Sporting Kansas City unveiled a smoked tequila-blackberry brisket sandwich at July's MLS All-Star Game (it's still available at Sporting Park) and now sits at first place in the Eastern Conference. Coincidence? Probably. But this team loves its barbecue. Recall that, back in January, SportsBusiness Journal reported that Matt Besler, Graham Zusi and Jimmy Nielsen delivered a barbecue lunch to Ivy Funds, a move that helped seal the Overland Park investment-management company's decision to sponsor Sporting's jerseys for the next five years.
Even the absence of barbecue can be a winning formula. Dontari Poe, the Chiefs' first-round pick in 2012, has been looking unstoppable at practice, a result of dropping 20 pounds from giving up - you guessed it - barbecue.
Town Topic fries were procured to be dredged through both sauces. We kept score.
Game time: The recipe for the Boys Grow barbecue sauce was developed by the teenage participants, as were the previously released salsa and ketchup. It includes some of the jalapeños and tomatoes grown on the Boys Grow garden plot.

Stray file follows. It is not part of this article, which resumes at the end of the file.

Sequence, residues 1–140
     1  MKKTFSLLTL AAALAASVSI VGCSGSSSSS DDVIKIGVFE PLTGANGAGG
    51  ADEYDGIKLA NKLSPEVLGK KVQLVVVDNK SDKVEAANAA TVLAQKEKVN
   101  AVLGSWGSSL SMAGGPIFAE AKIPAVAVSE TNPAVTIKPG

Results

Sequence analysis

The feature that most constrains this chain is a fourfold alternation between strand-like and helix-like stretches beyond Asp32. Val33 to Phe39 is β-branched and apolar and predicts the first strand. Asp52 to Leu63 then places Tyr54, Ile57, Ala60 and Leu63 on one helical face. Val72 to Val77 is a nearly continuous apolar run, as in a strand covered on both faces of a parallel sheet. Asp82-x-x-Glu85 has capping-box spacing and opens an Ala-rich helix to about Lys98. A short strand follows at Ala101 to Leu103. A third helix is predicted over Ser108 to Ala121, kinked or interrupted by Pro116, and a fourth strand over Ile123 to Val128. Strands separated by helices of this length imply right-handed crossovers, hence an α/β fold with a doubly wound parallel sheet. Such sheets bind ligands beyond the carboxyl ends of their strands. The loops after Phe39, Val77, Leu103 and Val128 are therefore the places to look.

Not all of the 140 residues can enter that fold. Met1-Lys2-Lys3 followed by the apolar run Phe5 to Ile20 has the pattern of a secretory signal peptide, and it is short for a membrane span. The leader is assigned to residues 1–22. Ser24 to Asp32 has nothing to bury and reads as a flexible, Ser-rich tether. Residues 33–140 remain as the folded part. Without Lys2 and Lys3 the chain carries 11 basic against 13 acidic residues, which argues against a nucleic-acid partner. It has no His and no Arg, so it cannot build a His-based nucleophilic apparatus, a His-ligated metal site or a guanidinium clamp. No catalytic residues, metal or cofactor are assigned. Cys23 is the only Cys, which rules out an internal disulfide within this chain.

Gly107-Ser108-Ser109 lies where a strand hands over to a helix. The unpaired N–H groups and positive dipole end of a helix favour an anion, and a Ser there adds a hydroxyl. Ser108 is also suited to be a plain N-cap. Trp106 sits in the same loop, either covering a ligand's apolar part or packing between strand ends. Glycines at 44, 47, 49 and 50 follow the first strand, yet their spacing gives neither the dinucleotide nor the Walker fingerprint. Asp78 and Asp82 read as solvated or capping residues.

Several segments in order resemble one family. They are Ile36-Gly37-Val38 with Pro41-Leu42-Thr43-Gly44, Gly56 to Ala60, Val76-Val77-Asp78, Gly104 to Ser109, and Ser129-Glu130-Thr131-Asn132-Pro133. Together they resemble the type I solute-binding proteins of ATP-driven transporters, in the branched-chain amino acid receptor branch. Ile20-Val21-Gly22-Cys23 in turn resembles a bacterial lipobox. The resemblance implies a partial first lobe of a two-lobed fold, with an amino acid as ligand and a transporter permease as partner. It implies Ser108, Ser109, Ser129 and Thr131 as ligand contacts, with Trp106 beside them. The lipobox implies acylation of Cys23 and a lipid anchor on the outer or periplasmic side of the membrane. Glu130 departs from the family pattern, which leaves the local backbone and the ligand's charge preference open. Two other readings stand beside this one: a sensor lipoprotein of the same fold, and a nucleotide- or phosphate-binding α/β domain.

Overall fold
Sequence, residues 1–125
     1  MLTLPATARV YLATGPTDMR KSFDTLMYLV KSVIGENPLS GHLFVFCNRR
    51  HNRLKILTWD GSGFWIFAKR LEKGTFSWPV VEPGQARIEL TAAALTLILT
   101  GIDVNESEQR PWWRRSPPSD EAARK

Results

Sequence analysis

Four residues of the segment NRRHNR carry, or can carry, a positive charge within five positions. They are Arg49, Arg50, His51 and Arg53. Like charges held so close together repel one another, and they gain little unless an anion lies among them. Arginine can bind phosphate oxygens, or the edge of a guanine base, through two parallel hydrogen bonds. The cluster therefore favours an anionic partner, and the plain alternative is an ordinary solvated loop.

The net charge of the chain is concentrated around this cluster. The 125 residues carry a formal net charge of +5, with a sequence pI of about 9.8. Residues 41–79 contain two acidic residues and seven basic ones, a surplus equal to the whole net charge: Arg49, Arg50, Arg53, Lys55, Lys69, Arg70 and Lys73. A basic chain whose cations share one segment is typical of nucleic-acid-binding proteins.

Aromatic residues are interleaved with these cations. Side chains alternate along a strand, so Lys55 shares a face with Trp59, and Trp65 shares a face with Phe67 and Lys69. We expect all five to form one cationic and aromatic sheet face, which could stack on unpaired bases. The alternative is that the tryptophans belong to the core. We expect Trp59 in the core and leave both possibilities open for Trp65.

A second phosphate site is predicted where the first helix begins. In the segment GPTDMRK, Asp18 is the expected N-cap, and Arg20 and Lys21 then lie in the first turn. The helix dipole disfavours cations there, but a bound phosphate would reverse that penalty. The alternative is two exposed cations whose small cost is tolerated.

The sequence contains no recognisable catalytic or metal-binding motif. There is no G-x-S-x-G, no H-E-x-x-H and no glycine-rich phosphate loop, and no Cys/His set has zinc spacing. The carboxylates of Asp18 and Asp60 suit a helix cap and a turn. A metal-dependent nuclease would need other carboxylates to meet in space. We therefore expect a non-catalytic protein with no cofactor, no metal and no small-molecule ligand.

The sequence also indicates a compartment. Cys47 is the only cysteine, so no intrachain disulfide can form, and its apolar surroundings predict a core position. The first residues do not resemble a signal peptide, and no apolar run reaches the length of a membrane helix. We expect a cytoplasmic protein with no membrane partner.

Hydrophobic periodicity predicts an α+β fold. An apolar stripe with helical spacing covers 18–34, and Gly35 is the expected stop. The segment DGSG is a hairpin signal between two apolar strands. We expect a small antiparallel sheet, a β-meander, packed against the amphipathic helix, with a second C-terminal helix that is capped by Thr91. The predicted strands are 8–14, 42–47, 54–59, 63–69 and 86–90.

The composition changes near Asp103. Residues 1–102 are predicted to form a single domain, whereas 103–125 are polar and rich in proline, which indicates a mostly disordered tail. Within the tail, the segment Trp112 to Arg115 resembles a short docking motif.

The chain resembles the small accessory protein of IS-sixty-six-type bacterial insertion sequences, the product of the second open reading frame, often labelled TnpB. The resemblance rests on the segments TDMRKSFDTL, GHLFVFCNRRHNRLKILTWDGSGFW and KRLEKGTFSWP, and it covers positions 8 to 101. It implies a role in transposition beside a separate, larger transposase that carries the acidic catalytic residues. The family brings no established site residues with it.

The orange-red sauce (a color born of orange juice concentrate and turmeric) flies out like water from a broken fire hydrant. With garlic powder and two types of vinegar, the stuff delivers echoes of Gates.
"There's a little tang," said a staffer, who confessed to eating baby carrots with barbecue sauce at lunch.
OK, so he hates ranch dressing, and that's decidedly un-Midwestern, but his comment was met with nods. People are busy sneaking more fries.
"It looks spicy, but there was just good heat at the end," another taster said.
Box score: solid double. The kids are all right.
Game time: One tester appreciated seeing a bottle filled all the way to the top. Also going for it (depending on your body chemistry): It's gluten-free. But things go downhill from there. This sauce is the liquid embodiment of the slugger: It's full of tomato paste (the second ingredient listed) and cornstarch. As a tester noted, it's "thick like Billy."
"It's just paste," another tester said, shaking his head. He'd expected a fastball and instead got a curve at the knees.
The sauce, distributed by Zarda, has "classic Zarda seasoning," according to the label, but it fails to capture a dominant note: sweet, salty or spicy.
"This is really boring," one taster complained. "I will not be eating this a ton."
Box score: swing and a miss.